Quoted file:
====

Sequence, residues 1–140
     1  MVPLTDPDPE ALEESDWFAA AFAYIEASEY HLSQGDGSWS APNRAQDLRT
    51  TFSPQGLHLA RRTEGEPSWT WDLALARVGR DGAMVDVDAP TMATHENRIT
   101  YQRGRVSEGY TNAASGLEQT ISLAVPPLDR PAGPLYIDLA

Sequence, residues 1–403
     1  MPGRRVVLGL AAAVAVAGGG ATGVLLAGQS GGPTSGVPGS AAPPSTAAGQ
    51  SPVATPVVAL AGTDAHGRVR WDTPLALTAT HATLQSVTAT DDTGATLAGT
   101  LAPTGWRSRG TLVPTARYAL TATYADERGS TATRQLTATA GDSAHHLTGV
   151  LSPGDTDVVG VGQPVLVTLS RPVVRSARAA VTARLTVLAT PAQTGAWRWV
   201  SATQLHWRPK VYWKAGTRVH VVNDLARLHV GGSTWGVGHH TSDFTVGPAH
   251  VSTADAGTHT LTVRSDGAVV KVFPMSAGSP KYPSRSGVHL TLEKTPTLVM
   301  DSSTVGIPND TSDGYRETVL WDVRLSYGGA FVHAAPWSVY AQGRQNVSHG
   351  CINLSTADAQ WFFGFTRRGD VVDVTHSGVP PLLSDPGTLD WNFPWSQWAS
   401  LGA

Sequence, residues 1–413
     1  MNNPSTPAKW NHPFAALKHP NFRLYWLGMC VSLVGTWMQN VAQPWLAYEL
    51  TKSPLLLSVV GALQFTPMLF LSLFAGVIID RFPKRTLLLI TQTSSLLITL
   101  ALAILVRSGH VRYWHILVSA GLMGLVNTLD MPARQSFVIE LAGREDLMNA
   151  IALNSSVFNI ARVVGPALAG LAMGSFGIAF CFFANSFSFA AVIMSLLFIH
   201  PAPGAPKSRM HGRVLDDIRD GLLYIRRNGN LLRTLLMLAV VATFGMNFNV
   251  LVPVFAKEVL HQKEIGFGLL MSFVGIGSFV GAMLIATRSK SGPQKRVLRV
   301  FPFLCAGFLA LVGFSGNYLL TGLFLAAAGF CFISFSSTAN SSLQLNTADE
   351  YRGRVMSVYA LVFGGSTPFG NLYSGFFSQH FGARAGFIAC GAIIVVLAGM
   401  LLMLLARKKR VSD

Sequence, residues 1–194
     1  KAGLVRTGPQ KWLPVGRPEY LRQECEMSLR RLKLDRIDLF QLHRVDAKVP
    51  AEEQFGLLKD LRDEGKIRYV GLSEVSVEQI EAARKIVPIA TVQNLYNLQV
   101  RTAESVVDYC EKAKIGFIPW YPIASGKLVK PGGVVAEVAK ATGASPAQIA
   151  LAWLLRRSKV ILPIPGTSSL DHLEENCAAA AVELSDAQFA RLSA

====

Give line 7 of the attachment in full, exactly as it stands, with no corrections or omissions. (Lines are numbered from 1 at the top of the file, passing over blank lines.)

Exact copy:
    51  SPVATPVVAL AGTDAHGRVR WDTPLALTAT HATLQSVTAT DDTGATLAGT